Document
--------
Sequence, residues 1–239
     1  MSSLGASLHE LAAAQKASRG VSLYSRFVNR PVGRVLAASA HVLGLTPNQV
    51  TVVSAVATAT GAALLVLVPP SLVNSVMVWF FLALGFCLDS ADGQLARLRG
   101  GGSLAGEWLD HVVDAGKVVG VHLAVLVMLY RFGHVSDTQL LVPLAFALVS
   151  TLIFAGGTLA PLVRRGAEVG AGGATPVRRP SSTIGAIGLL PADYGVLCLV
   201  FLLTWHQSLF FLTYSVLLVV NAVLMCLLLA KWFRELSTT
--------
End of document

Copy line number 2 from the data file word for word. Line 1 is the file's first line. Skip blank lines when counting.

     1  MSSLGASLHE LAAAQKASRG VSLYSRFVNR PVGRVLAASA HVLGLTPNQV